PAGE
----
The cool weather Saturday was perfect for eating doughnuts, ones, or so it seemed from the long line stretching down the north end of Main Street waiting for the hot, made-from scratch items from The Amish Baking Co.
“The weather wasn’t the best but the crowd was good,” said the booth’s proprietor, Nate Peachey.
Formerly from Yadkinville, Peachey said the Autumn Leaves Festival is the biggest event in the southeast the Florida-based business attends annually, and he said this year was no disappointment.
The good business isn’t the only reason the vendor has attended for five years in a row.
“We just like the culture of Mount Airy, Mayberry, all that stuff,” Peachey said, which makes sense for a guy running a family business.
“My grandma made a similar doughnut and my mom is a baker,” he said. “Ours are pretty much the same doughnut my grandma made,” all made from scratch, from dough to icing.
The festival director, Yvonne Nichols, was pleased with this year’s turnout.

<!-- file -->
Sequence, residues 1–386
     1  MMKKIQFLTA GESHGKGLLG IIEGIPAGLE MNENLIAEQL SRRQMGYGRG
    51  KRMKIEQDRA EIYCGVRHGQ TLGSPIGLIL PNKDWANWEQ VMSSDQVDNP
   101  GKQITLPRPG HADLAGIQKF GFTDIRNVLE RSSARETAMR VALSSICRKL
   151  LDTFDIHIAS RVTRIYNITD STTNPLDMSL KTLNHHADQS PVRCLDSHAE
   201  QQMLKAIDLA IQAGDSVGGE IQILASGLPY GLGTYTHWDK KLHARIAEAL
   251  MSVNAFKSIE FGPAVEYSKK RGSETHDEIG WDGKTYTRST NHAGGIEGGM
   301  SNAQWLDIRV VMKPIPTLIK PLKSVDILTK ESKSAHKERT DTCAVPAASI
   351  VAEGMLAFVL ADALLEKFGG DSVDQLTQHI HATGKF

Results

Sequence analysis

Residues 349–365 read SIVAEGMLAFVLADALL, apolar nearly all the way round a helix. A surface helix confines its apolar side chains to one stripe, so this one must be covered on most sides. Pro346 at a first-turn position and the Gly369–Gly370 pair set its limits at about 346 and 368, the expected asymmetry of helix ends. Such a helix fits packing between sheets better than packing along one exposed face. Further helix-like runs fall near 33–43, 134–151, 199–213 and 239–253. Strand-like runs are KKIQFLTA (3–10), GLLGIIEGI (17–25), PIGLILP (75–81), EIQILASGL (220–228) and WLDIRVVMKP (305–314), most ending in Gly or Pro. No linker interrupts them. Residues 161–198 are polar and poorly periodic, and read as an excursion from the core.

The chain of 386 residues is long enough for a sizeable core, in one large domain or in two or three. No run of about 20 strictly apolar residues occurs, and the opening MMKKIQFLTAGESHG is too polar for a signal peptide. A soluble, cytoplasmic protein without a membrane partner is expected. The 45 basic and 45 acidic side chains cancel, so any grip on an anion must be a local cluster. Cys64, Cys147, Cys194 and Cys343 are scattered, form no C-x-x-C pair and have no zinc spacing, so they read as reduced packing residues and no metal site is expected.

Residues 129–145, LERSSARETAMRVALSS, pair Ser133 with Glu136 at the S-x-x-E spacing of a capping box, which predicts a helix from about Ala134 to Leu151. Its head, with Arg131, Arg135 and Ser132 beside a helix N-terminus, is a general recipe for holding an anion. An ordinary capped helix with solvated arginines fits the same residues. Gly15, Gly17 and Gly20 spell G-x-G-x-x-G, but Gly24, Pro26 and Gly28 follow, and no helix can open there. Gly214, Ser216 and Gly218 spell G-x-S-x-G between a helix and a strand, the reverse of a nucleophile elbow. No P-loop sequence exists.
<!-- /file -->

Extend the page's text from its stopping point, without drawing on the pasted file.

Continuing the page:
“In spite of the cold I think we’ve done well,” she said. “People are out, eating lots of food, and vendors are happy.”
Nichols said the recent stretches of rainy weather causing the cancellation of many recent festivals and outdoor events may have encouraged folks to brave the colder air.
“They’ve just been stuck in the house too long,” she said.
The festival offered several new attractions to draw people out, such as a small train for children departing from a “depot” on City Hall Street near the inflatables.
Nichols said, “We’re calling it the ‘Autumn Leaves Festival Train.’”
Also new was the “gravity ball” on Independence Avenue. Another attraction is the Coco Bongo food truck, which was lit with party lights, pumping music and serving smoothies to the festival goers.
Plenty of regulars were making the most out of the festival as well.
A jam under the tent hosted by the Possum Holler Old Time String Band was bursting over with musicians trying to keep under cover but letting the music flow.
The wide variety of instruments included Michael Fox’s “dulcijo,” a dulcimer and banjo hybrid, and the percussive “limberjack,” a wooden doll made to flatfoot on a wooden panel.
“We just want everyone to have a good time,” Nichols said.
As Paula Driver of Yadkinville said, “We’re loving it.”
Terri Flagg can be reached at 336-415-4734.